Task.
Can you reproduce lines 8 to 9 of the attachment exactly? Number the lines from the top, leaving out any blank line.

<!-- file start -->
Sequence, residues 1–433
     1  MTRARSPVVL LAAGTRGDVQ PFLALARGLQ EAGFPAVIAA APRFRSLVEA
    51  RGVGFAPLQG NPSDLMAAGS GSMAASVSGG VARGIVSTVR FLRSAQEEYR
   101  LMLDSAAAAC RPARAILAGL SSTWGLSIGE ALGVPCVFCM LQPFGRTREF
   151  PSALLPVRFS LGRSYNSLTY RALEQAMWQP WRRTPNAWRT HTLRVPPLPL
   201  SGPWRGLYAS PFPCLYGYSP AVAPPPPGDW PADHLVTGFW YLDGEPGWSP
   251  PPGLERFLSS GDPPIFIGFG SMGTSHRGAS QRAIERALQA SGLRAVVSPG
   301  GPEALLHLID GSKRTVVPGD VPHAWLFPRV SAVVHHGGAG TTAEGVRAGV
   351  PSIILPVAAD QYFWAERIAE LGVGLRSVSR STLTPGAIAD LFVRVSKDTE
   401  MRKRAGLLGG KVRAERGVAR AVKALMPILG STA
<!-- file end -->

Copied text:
   301  GPEALLHLID GSKRTVVPGD VPHAWLFPRV SAVVHHGGAG TTAEGVRAGV
   351  PSIILPVAAD QYFWAERIAE LGVGLRSVSR STLTPGAIAD LFVRVSKDTE